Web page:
CNET explores home equity tapping options, including reverse mortgage

The technology outlet is looking broader at “future living” for Americans, and recently explored the topic of tapping home equity including through reverse mortgages

CNET, an online publication normally associated with providing technology news and reviews of consumer electronics, turned its attention to serving as a “guide to a better future” and explored home equity tapping in a personal finance column this week. One such equity-tapping option it explored was a reverse mortgage.

“If your home has been appreciating in value and you’ve been making your mortgage payments consistently, and on time, you’re probably sitting on a decent amount of equity,” the column reads. “Whether you’re thinking about tapping into that equity to help pay for a big home improvement project, supplementing your retirement income or cover other major expenses, there are a few different ways to borrow against the equity you’ve accumulated.”

To that end, the column chose to explore the similarities and differences between equity tapping options including Home Equity Lines of Credit (HELOCs), home equity loans and reverse mortgages.

“Appropriately named, a reverse mortgage operates in the reverse direction of a traditional mortgage,” the column says. “Instead of making payments each month to pay down your principal, you’ll receive a check each month (there are also options to borrow in one lump sum), and you won’t have to make payments until you sell the home or you die.”

The introduction to reverse mortgages also aims to illustrate how different use cases can be used by different people.

“This isn’t for everyone, though,” it says. “You need to be at least 62 years old to apply for a reverse mortgage. There are also different varieties of reverse mortgages — single-purpose, which restrict the way you can use the money; Home Equity Conversion Mortgages, or HECMs, which are insured by the federal government, and proprietary reverse mortgages, which can have higher limits than government-backed loans.”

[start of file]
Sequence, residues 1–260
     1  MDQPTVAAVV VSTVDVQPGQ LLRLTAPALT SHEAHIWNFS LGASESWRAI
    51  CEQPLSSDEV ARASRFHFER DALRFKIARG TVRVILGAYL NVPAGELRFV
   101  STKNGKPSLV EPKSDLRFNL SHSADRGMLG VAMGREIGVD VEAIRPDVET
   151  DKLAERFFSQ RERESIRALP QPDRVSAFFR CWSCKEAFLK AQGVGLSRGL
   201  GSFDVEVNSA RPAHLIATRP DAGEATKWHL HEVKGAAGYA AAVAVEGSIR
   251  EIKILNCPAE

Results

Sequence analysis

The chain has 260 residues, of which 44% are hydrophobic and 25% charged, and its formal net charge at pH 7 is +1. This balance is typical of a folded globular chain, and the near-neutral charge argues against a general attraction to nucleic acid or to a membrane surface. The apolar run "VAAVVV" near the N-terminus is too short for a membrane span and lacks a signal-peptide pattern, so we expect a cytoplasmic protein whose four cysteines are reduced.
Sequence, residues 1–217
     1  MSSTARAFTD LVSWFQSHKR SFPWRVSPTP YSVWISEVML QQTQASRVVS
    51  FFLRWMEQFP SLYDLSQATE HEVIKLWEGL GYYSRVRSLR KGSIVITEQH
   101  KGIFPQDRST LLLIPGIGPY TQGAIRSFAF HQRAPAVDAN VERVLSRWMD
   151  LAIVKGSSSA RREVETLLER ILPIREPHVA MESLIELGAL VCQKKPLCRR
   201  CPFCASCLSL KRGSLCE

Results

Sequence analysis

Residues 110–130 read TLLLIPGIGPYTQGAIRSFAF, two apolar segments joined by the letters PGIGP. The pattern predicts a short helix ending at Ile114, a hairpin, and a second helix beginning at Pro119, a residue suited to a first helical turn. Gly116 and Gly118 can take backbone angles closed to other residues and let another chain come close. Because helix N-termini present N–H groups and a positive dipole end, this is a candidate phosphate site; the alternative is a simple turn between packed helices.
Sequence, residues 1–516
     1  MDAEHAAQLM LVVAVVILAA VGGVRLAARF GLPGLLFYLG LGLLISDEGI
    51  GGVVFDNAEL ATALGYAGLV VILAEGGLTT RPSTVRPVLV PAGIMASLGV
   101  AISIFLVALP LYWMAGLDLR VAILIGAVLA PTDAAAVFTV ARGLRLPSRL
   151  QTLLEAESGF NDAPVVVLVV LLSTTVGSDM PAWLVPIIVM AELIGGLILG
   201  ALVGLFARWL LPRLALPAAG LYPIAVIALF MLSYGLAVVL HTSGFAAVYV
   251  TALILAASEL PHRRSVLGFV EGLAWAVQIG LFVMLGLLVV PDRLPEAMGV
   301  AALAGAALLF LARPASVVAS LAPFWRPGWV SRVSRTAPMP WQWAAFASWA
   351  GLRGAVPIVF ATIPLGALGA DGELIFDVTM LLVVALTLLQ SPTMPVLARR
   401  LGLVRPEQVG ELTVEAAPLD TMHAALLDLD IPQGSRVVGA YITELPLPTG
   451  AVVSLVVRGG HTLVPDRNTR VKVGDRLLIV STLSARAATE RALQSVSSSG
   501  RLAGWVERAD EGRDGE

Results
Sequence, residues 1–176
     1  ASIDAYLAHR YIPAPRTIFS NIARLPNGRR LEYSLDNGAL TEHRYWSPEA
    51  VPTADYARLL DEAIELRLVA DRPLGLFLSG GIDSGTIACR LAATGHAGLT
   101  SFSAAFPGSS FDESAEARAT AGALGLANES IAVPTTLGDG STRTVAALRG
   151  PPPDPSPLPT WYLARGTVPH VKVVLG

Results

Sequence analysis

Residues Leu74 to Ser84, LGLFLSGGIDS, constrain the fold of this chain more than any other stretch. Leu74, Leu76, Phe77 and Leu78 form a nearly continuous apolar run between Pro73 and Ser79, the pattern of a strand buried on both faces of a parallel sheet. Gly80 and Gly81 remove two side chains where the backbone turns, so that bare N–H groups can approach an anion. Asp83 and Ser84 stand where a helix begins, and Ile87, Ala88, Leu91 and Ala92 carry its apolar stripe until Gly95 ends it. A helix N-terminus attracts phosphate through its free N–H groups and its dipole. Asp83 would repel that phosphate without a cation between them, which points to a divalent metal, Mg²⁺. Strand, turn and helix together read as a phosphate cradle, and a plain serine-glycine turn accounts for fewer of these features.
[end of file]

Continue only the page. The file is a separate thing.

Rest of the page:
The potential “pros and cons” are listed, with the lack of an immediate payment requirement; multiple disbursement options; and non-borrowing spouse protections listed in the “pros” column. In terms of cons, the column lists the addition of new debt; high closing costs, origination fee and a mortgage insurance premium; the predilection of scammers who target the elderly to represent themselves using the product; and the potential to lose the home if property taxes or homeowners insurance is not paid.

“If you’re an older homeowner with a lot of equity — at least 50% — in your home, a reverse mortgage can be a smart pathway to accessing cash,” the column reads. “These can come with serious consequences, though, for your spouse or what you pass along to your heirs, so it’s important to do your research. You’ll have to complete a homeownership counseling course if you take out an HECM (a reverse mortgage backed by the U.S. Department of Housing and Urban Development), which can help answer your questions.”

Read the column at CNET.

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